The Amulet of Sleep is the opening book in the Iskìda of the Land of Nurak trilogy, a series of epic fantasy novels for YA readers. Already award-winning in Italy, Andrea Atzori’s home country, the books look set to join the booming market for genre fiction. Having found success after publishing traditionally in Italian, Atzori turned his sights internationally. He saw the UK’s ever-increasing appetite for magical fiction as the perfect fit for his venture into independent, foreign self-publishing. Available this month from Kobo, The Amulet of Sleep will not disappoint fantasy fans of all ages.
When you’re representing freelancing talent to publishers and corporates, you have to get used to the peaks and troughs that dot the publishing calendar. When we set up whitefox, we were raring to go 24/7, and some of the patterns that had been familiar to us when we worked in a large organisation started to frustrate us, peering in from the outside. In December, no one makes a decision in December that can’t be put off til January. August is both holiday-quiet for senior execs and crazy-busy for the teams assembling those all-important Christmas books. The London and Frankfurt bookfairs are distractions for entire organisations.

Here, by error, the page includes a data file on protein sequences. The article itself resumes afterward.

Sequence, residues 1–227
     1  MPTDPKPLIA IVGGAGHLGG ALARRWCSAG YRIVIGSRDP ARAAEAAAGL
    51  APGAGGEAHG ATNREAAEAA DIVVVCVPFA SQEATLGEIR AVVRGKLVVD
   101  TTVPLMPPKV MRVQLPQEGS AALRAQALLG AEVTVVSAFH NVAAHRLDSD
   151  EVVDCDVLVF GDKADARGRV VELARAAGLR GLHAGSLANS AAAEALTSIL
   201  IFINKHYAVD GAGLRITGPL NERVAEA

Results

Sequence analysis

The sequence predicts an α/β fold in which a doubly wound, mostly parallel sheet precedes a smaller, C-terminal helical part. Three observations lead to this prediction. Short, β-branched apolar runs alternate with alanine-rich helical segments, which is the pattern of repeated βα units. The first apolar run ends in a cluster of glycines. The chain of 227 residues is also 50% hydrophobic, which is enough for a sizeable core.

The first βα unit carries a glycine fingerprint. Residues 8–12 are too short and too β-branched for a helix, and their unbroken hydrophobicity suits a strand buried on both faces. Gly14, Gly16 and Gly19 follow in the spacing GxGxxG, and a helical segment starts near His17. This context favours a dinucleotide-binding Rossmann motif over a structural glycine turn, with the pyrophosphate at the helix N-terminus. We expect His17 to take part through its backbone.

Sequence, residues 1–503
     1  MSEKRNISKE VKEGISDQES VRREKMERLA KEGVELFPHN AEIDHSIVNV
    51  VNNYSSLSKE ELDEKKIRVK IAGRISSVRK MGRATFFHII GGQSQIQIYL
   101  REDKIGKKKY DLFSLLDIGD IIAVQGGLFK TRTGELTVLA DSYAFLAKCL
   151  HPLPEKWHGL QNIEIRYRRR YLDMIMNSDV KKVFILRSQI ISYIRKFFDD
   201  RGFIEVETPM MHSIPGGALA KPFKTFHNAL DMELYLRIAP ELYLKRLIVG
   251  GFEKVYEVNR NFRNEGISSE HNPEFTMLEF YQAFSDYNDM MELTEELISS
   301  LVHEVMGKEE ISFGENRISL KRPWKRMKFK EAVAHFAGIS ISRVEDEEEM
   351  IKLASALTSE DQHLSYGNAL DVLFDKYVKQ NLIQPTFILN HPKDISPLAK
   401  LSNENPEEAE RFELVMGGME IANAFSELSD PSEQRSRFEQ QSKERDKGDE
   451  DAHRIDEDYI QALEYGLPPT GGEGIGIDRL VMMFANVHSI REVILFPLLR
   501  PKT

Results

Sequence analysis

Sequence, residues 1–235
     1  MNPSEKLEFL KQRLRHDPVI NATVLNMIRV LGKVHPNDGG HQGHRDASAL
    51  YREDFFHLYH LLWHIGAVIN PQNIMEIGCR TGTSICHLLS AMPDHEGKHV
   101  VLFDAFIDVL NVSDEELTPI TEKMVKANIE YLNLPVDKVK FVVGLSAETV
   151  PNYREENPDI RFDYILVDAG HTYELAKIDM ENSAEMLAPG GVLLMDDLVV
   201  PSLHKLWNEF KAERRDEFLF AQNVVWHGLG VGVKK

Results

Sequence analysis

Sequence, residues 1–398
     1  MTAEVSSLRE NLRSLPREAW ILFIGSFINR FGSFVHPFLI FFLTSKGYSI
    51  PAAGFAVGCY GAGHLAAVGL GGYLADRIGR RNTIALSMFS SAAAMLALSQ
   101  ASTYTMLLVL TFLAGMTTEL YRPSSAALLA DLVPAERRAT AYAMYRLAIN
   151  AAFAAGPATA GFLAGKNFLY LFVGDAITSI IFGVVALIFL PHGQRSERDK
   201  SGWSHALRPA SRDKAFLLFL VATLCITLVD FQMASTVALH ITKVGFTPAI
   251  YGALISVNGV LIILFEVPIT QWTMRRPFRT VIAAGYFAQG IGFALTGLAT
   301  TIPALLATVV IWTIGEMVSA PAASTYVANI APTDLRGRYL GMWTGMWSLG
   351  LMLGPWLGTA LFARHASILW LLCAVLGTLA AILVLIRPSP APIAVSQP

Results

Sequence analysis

So August 2014 has been something of a revelation inside whitefox towers. We now enjoy a steady pulse of work, a rhythm and flow that is dictated not by companies but by individuals. In the world of indie writers, deadlines are self-determined. The pace of workflow is your own, month after month.
We like the new rhythm and hum of regular work with writers who are self-publishing. We like it a lot.
This week I was interested to catch up with a friend and ex-colleague who has spent the last few years in the USA. Once close and familiar with UK trade publishing, he is now very much on the outside looking in, immersed as he is in educational and corporate digital subscriptions on the other side of the Atlantic.
We discussed what had happened since he left. The mergers and acquisitions. The spectacular falls from commercial grace. The speed of disintermediation. The astounding statistics of the self-publishing industry. Amazon, of course…
‘So it’s actually happened, then? The “correction” we’d been discussing for years, which never seemed to quite materialise?’
Perhaps it finally has. So much has changed in the UK publishing industry in recent years that warnings of a coming tipping point are beginning to sound passé. What was that story about frogs and boiling water?